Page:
# Field maths

1. Feb 19, 2008

### karnten07

1. The problem statement, all variables and given/known data
Let F be a field. For any a,b $$\in$$ F, b$$\neq$$0, we write a/b for ab^-1. Prove the following statements for any a, a' $$\in$$F and b, b' $$\in$$ F\{0}:

i.) a/b = a'/b' if and only if ab' =a'b
ii.) a/b +a'/b' = (ab'+a'b)/bb'
iii.) (a/b)(a'/b') = aa'/bb'
iv.) (a/b)/a'/b') = ab'/a'b (if in addition a'$$\neq$$0)

2. Relevant equations

3. The attempt at a solution

I'm struggling to understand how i am to prove these statements. What am i to take the dashes to mean, because they are often used to show inverses? So for the first one:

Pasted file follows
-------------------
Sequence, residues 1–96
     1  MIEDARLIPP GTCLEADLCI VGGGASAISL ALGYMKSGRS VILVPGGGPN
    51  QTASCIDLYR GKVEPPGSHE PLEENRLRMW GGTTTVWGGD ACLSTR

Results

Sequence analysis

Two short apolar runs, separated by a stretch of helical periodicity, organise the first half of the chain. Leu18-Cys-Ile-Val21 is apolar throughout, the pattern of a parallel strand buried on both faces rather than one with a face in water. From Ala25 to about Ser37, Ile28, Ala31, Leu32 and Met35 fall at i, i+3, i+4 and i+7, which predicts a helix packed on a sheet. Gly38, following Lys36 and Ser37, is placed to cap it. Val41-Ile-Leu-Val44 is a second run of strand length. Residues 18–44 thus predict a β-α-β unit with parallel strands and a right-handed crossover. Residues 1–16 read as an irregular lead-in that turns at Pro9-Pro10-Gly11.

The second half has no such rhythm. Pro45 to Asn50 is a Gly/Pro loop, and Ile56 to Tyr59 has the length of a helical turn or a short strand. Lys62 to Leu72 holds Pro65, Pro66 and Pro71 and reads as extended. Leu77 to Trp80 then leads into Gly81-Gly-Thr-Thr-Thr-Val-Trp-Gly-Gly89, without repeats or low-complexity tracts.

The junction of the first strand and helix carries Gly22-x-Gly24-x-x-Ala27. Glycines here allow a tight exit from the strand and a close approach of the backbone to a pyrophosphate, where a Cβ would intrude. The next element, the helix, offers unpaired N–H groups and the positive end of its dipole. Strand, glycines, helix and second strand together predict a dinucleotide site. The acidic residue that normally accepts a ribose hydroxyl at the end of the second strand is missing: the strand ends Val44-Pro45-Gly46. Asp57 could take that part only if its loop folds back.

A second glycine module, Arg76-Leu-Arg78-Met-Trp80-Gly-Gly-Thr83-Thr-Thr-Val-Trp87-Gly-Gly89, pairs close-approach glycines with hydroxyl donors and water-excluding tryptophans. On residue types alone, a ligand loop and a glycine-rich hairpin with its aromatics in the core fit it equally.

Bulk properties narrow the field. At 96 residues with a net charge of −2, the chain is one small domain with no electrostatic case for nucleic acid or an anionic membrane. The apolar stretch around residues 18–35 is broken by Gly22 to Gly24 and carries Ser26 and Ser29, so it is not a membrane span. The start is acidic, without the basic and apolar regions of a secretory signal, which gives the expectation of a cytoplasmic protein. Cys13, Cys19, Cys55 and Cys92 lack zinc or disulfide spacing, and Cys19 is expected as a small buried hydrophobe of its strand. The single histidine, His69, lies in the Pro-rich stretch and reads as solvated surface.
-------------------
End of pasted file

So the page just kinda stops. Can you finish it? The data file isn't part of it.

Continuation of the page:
a/b=ab^-1 which = a^-1b = a'/b'?

2. Feb 19, 2008

### EnumaElish

My guess is a dash means "alternative value." For example, a = 1, and a' = 2.

3. Feb 19, 2008

### karnten07

I also thought that, i will go with that and see what i come up with, thanks

4. Feb 19, 2008

### karnten07

Does ab^-1 mean a.b^-1 or (a.b)^-1? I think it might be the former.

If it is, i get:

i) a.b^-1 = a'.b'^-1 when written out fully. So if ab' = a'b, then rearranged gives a= a'b/b' and a' = ab'/b. So inserting them into a.b^-1 = a'.b'^-1 we get:

a'b.b^-1/b' = ab.b^-1/b

and then we get indentity elements leaving a'/b' = a/b

Is this right?